- by Dr Gowher Pebbles n Pearl Pediatrics and Child Care
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- Feb 17 2017
Teens: How do you learn to control your anger? Activity 7 & 8
Source: The Anger workbook for Teens by (Raychelle Cassada Lohmann, MS)
Sometimes it is easier to get cross than to admit that your feelings are hurt or that you are really scared. But masking other emotions with anger is not a positive way to cope with a situation, and it can actually be harmful. Until you deal with your underlying feelings, your anger may continue to grow.
This list represents some feelings you may have masked with anger.
Hurt, depression, fear, greed, stress, shame, anxiety, frustration, lonliiness, jealousy
Tell about a specific time when you masked your feelings with anger.
How would expressing your actual feelings help you?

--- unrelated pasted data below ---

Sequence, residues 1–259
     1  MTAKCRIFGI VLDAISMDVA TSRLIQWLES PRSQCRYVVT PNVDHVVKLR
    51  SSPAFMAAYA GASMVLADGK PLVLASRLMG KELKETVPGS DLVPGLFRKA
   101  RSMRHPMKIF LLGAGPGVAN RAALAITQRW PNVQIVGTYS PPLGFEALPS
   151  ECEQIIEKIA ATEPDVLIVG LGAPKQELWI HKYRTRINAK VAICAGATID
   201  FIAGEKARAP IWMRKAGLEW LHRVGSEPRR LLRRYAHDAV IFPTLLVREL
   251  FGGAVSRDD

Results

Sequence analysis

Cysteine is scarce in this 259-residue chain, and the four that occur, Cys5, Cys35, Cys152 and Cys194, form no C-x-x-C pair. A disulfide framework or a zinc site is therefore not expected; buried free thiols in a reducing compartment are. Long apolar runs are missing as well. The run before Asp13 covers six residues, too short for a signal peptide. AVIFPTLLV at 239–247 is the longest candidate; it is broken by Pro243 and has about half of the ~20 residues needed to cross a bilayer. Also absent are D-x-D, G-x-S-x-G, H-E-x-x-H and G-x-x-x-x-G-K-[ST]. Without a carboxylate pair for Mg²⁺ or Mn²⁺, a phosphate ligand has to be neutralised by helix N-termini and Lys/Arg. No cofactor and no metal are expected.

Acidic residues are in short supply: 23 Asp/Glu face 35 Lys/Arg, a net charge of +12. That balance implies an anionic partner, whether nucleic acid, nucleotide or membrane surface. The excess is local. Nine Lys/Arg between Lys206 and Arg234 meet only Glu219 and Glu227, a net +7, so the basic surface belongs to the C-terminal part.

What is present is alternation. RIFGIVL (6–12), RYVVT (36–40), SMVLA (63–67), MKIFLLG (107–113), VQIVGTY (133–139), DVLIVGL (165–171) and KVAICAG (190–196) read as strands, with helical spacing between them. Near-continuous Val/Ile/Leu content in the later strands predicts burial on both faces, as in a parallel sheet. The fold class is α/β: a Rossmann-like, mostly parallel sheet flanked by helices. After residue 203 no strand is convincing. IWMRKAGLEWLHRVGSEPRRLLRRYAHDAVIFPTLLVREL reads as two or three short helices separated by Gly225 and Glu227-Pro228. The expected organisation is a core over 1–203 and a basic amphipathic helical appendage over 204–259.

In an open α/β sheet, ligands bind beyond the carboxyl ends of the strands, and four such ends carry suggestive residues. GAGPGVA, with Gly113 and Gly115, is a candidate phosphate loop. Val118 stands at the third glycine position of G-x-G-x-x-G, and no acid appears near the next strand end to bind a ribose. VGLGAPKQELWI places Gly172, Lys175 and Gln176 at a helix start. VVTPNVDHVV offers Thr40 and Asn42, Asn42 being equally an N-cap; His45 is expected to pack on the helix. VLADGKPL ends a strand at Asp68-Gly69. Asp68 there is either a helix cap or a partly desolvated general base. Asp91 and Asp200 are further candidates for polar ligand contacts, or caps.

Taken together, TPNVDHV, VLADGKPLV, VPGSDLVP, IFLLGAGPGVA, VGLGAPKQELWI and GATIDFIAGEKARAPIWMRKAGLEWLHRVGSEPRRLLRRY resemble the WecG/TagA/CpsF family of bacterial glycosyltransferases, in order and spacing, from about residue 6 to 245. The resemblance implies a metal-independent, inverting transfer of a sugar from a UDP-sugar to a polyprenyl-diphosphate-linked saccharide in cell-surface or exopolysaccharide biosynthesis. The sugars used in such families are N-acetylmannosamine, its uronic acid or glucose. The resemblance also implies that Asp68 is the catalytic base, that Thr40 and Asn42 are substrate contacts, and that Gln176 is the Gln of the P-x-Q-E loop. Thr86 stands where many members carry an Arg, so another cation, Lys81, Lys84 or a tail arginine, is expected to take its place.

Even though anger has a bad rap, it can be very useful emotion. Expressing your anger is one way to stand up for your rights and the rights of others. It can help you promote change when you think something is unfair.
Next time you find yourself getting angry, take your anger and turn it to good. Ask yourself these questions:
What is within my control?
How can I be an agent for change?
What can I do to fix the problem rather than just acting out in anger?
Remember, anger itself is not necessarily a problem. It’s how you choose to handle it.
Think of a time when you turned your anger into something positive, perhaps by standing up for someone in a difficult situation, or protesting against something you thought was unfair.
Describe the situation
Tell how you handled the situation.
Are you satisfied with how you reacted? If not, what could have done differently?
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